Is it Time to Shun Vanity Metrics in Shared Services?Add bookmark
Is it Time for Shared Services to Shun Vanity Metrics?
If you've ever worked in a shared services environment, you're likely to be familiar with 'vanity metrics'. Vanity metrics can make a company look great, but they add little actual business value to the decision making process apart from adorning fancy PowerPoint presentations or using it as leverage to increase headcount.
When we only look at metrics such as how many invoices were processed, how many candidates were interviewed orhow many Lean Six Sigma green belts have been certified, we miss the whole point. The insignificance of these metrics is highlighted by their inadvertent lack of ability to produce any further insights about a process. Can a metrics like "invoices processed per month" directly impact the liabilities position of the company versus a metric that highlights aging of invoices based on the value/volume that has a direct impact on the financial position of the company?
Similarly, instead of measuring the number of Green Belts certified, a metric like audited financial impact of Green Belt projects has a direct bearing on how an organization is managed.
The biggest problem with vanity metrics is that they don't touch the greatest challenges for companies. Think about it: Finance is focused on issues like working capital, compliance, debt and liabilities. HR wants to attract and recruit high-quality resources. And for IT, it's about providing an almost perfect up time for email and the network.
Where do vanity metrics fall into these requirements? The answer is simple: they don't.
Let’s consider a few more arguments against the use of vanity metrics:
Vanity metrics didn't exist before the advent of shared services
Performance was managed by the achievements of departments or personal accomplishments that had a tangible impact on the business. If functions could be managed without the existence of vanity metrics in the past, it should still be feasible today.
Just because it's easy to measure, doesn't mean it is the most effective metric to measure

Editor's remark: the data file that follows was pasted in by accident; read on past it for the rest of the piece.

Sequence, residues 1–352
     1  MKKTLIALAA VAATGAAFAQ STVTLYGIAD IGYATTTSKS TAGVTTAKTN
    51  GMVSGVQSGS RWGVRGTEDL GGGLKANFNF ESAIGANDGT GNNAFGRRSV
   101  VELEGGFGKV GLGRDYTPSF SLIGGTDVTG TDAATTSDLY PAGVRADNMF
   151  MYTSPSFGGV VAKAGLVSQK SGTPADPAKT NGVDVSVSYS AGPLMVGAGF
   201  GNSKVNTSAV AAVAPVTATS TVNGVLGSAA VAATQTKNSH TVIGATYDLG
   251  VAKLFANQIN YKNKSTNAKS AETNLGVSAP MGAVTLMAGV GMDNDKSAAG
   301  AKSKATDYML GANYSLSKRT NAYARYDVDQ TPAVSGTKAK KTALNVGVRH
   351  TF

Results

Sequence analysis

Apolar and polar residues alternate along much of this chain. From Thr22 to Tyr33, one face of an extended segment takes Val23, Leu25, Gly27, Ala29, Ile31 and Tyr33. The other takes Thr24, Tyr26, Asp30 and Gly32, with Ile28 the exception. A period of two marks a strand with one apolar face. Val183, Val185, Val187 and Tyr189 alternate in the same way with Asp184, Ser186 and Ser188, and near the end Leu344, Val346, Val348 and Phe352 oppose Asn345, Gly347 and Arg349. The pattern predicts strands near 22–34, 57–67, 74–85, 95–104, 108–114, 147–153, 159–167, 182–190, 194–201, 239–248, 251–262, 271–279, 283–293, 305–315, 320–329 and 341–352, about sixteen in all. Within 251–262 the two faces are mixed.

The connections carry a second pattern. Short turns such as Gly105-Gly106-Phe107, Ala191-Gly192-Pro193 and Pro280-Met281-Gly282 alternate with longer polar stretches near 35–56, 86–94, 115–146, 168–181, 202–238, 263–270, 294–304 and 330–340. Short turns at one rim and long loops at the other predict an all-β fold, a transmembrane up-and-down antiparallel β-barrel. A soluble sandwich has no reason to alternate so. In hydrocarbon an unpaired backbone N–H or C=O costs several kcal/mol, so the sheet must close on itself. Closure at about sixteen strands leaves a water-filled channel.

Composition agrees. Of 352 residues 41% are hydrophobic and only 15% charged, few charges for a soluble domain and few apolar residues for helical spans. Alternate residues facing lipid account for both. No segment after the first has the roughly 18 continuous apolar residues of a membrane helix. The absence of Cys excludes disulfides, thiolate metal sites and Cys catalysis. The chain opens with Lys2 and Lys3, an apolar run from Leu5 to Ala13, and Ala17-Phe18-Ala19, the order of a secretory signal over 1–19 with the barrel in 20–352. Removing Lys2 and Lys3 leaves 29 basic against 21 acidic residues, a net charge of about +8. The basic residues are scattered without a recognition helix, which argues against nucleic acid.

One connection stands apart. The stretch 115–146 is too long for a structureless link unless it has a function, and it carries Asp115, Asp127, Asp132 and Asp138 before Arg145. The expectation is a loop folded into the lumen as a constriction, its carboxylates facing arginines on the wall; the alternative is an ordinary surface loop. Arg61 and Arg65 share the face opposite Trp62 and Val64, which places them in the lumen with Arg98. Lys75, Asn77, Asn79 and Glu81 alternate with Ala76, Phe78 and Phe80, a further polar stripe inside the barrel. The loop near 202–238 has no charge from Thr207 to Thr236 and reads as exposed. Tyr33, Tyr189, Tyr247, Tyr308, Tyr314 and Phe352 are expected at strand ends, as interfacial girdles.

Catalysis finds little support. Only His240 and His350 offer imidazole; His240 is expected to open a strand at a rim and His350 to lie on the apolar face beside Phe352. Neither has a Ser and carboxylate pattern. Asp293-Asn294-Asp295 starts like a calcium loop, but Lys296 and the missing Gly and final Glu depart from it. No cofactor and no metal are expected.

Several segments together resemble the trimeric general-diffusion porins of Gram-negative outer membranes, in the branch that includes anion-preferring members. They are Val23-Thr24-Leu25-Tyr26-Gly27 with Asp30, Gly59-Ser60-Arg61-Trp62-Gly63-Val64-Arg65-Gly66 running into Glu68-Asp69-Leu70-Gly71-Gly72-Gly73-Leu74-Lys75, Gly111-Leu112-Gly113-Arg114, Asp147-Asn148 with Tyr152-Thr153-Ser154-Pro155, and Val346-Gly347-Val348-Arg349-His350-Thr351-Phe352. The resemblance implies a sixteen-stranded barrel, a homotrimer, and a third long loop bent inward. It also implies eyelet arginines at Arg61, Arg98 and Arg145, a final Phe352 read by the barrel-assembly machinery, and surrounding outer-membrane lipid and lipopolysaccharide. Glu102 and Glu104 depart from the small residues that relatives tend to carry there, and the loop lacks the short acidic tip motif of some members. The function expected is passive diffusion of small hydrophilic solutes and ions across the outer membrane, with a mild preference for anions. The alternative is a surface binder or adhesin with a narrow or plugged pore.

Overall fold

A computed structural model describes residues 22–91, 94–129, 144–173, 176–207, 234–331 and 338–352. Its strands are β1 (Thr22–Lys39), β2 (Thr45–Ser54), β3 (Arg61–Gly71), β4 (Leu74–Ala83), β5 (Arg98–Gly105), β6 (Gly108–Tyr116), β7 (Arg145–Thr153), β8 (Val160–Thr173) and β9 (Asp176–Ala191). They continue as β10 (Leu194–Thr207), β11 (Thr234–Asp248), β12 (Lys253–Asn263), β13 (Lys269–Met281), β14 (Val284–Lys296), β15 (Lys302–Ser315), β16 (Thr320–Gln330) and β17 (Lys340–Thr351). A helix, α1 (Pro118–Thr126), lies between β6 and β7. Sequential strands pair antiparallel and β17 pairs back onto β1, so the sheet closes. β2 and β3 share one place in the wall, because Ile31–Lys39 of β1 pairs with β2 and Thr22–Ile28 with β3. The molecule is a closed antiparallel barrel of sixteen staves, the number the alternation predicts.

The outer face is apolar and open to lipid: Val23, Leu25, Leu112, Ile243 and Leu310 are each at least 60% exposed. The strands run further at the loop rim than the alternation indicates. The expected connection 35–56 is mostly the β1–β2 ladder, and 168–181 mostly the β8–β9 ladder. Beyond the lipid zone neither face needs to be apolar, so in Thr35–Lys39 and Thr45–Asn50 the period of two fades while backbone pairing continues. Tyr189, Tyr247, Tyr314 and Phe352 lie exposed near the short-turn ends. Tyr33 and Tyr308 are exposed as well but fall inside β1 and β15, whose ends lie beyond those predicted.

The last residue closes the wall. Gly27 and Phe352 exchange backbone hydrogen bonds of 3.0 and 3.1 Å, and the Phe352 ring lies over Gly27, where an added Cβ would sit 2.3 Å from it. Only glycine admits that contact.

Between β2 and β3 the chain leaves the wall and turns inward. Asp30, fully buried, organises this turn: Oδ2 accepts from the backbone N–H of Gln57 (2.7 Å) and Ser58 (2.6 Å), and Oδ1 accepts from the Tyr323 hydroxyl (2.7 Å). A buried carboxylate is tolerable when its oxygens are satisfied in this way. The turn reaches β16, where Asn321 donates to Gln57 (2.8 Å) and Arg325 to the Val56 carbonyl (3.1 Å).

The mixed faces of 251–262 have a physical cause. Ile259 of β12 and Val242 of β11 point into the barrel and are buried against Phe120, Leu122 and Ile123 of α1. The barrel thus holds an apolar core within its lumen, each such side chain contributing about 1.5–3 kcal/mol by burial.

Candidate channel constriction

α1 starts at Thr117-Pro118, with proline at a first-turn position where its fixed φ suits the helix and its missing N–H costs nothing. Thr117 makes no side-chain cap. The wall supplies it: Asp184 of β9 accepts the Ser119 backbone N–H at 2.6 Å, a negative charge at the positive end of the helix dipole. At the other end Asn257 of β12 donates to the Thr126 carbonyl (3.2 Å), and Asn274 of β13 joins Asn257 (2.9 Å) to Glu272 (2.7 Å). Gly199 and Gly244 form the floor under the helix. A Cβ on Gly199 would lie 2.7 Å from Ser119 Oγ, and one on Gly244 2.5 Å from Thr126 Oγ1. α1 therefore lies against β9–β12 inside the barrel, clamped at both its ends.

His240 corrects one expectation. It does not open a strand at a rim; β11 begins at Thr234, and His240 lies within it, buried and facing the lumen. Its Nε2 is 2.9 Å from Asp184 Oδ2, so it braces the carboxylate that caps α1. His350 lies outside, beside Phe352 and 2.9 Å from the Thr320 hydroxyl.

An old adage says if you can’t measure it, you can’t manage it. However, if you're measuring the wrong thing, then you're also managing the wrong thing. It is extremely important that enough deliberation is conducted on what metrics/KPIs to choose before these are activated. Sometimes, during a transition phase, organizations may end up using these vanity metrics to ensure that the new teams get to similar levels of performance as the original teams. These metrics should be discontinued once the shared services operations have stabilized.
Vanity metrics just don't pay off
A vast number of companies spend up to 10-15 percent of their operational and management overhead in generating and reviewing vanity metrics. Translate that to monetary terms: if your shared services engagement is about USD 2 million p.a. in size, then this overhead is about USD 200K-300K, or USD 1-1.5 million over the lifetime of a typical contract (5 years). That's pretty expensive. Are you really getting your money's worth?
A Different Approach
After a couple of decades managing through vanity metrics, some companies have started taking another look at the whole wisdom of doing this. Organizations like GE, Shell and Microsoft have started exploring alternate business impact metrics.
I believe that the shared services industry has now reached a level of maturity that allows it to re-evaluate the whole discipline of KPIs/metrics through a new lens.
What do you think?